When Apple announced the iPhone 5, Phil Schiller officially announced what had leaked several days earlier: the phone is powered by Apple's new A6 SoC.

As always, Apple didn't announce clock speeds, CPU microarchitecture, memory bandwidth or GPU details. It did however give us an indication of expected CPU performance:
 
 
Prior to the announcement we speculated the iPhone 5's SoC would simply be a higher clocked version of the 32nm A5r2 used in the iPad 2,4. After all, Apple seems to like saving major architecture shifts for the iPad. 
 
However, just prior to the announcement I received some information pointing to a move away from the ARM Cortex A9 used in the A5. Given Apple's reliance on fully licensed ARM cores in the past, the expected performance gains and unpublishable information that started all of this I concluded Apple's A6 SoC likely featured two ARM Cortex A15 cores. 
 
It turns out I was wrong. But pleasantly surprised.
 
The A6 is the first Apple SoC to use its own ARMv7 based processor design. The CPU core(s) aren't based on a vanilla A9 or A15 design from ARM IP, but instead are something of Apple's own creation.
 

Hints in Xcode 4.5

 
The iPhone 5 will ship with and only run iOS 6.0. To coincide with the launch of iOS 6.0, Apple has seeded developers with a newer version of its development tools. Xcode 4.5 makes two major changes: it drops support for the ARMv6 ISA (used by the ARM11 core in the iPhone 2G and iPhone 3G), keeps support for ARMv7 (used by modern ARM cores) and it adds support for a new architecture target designed to support the new A6 SoC: armv7s.
 

 
What's the main difference between the armv7 and armv7s architecture targets for the LLVM C compiler? The presence of VFPv4 support. The armv7s target supports it, the v7 target doesn't. Why does this matter?
 
Only the Cortex A5, A7 and A15 support the VFPv4 extensions to the ARMv7-A ISA. The Cortex A8 and A9 top out at VFPv3. If you want to get really specific, the Cortex A5 and A7 implement a 16 register VFPv4 FPU, while the A15 features a 32 register implementation. The point is, if your architecture supports VFPv4 then it isn't a Cortex A8 or A9.
 
It's pretty easy to dismiss the A5 and A7 as neither of those architectures is significantly faster than the Cortex A9 used in Apple's A5. The obvious conclusion then is Apple implemented a pair of A15s in its A6 SoC.
 
For unpublishable reasons, I knew the A6 SoC wasn't based on ARM's Cortex A9, but I immediately assumed that the only other option was the Cortex A15. I foolishly cast aside the other major possibility: an Apple developed ARMv7 processor core.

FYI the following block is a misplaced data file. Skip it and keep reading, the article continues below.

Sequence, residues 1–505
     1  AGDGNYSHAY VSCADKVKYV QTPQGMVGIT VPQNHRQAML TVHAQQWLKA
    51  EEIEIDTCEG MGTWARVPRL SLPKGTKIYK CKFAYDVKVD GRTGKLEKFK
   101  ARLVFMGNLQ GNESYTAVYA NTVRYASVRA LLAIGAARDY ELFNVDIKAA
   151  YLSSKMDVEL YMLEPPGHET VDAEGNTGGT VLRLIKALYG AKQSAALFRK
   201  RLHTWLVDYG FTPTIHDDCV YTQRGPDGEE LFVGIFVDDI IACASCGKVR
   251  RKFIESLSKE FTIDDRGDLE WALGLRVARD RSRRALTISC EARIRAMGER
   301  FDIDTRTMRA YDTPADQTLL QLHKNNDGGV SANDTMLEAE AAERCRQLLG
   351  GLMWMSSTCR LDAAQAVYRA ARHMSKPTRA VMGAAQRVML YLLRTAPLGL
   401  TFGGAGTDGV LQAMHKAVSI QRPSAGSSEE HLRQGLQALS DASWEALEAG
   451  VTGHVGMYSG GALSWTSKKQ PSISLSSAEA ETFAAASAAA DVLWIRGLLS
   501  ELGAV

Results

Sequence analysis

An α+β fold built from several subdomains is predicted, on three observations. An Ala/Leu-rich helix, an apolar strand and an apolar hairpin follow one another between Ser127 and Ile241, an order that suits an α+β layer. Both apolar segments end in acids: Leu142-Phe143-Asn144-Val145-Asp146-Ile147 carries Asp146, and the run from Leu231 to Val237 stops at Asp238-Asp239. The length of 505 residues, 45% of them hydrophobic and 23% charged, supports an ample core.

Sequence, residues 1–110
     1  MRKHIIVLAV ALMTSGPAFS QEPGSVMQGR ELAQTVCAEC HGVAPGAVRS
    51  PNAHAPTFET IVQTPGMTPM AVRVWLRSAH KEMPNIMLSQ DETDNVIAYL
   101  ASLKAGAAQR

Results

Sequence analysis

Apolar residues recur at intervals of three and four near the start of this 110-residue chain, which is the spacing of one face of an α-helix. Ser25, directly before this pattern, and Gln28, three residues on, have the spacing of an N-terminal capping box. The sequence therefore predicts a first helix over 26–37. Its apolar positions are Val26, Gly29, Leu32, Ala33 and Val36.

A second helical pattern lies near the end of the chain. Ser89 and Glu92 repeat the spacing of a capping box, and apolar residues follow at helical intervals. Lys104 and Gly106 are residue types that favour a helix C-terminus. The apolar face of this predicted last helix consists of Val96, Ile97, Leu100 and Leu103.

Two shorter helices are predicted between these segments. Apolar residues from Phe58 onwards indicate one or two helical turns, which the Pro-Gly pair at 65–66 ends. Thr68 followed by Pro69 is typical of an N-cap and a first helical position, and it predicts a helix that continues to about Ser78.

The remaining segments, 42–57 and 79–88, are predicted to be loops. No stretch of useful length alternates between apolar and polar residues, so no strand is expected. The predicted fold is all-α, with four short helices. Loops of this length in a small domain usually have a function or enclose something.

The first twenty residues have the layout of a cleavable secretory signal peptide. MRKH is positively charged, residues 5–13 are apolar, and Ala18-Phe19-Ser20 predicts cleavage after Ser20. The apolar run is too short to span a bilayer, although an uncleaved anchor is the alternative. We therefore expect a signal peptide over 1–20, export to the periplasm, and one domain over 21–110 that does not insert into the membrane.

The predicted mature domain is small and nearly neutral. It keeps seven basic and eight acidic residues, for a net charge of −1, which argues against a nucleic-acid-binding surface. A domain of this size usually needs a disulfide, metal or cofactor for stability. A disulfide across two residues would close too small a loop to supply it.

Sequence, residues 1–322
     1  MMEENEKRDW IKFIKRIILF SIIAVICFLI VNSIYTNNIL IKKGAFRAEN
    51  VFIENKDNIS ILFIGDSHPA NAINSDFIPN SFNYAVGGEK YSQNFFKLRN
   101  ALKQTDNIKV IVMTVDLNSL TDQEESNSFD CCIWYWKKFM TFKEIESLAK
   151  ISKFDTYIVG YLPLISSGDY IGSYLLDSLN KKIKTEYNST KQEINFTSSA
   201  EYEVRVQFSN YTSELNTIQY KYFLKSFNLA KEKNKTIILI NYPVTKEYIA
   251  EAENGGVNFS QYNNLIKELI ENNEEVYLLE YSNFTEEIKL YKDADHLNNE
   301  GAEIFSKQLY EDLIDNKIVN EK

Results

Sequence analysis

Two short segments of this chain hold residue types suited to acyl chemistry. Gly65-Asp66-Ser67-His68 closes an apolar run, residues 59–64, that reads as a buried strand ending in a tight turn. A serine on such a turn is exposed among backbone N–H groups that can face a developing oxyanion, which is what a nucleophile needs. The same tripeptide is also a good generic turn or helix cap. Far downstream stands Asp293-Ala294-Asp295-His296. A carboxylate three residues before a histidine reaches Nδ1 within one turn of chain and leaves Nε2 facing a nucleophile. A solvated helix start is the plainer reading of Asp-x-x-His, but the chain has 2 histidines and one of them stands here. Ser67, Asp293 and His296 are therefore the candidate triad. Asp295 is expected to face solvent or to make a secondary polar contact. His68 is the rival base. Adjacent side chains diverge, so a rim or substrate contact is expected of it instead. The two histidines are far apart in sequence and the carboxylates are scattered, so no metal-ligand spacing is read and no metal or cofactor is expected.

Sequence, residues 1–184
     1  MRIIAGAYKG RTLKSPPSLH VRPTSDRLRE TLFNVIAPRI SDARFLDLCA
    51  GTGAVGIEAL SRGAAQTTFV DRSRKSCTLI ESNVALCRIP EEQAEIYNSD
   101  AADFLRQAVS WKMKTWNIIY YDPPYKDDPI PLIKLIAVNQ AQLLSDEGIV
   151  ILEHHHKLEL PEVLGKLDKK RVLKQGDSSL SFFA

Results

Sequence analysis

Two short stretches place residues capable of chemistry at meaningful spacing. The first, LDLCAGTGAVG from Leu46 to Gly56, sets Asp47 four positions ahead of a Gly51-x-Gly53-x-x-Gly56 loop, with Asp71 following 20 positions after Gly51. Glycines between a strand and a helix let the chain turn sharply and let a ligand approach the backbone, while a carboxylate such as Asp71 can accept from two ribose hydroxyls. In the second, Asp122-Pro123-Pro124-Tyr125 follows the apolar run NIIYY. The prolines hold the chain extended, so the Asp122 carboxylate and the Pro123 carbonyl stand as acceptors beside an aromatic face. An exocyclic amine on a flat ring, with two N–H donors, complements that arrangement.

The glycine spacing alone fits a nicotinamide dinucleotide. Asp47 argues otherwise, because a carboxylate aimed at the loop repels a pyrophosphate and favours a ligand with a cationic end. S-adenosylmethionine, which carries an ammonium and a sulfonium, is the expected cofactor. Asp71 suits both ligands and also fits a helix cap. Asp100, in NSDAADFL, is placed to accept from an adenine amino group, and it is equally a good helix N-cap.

Balancing Battery Life and Performance

 
There are two types of ARM licensees: those who license a specific processor core (e.g. Cortex A8, A9, A15), and those who license an ARM instruction set architecture for custom implementation (e.g. ARMv7 ISA). For a long time it's been known that Apple has both types of licenses. Qualcomm is in a similar situation; it licenses individual ARM cores for use in some SoCs (e.g. the MSM8x25/Snapdragon S4 Play uses ARM Cortex A5s) as well as licenses the ARM instruction set for use by its own processors (e.g. Scorpion/Krait implement in the ARMv7 ISA).
 
For a while now I'd heard that Apple was working on its own ARM based CPU core, but last I heard Apple was having issues making it work. I assumed that it was too early for Apple's own design to be ready. It turns out that it's not. Based on a lot of digging over the past couple of days, and conversations with the right people, I've confirmed that Apple's A6 SoC is based on Apple's own ARM based CPU core and not the Cortex A15.
 
Implementing VFPv4 tells us that this isn't simply another Cortex A9 design targeted at higher clocks. If I had to guess, I would assume Apple did something similar to Qualcomm this generation: go wider without going substantially deeper. Remember Qualcomm moved from a dual-issue mostly in-order architecture to a three-wide out-of-order machine with Krait. ARM went from two-wide OoO to three-wide OoO but in the process also heavily pursued clock speed by dramatically increasing the depth of the machine.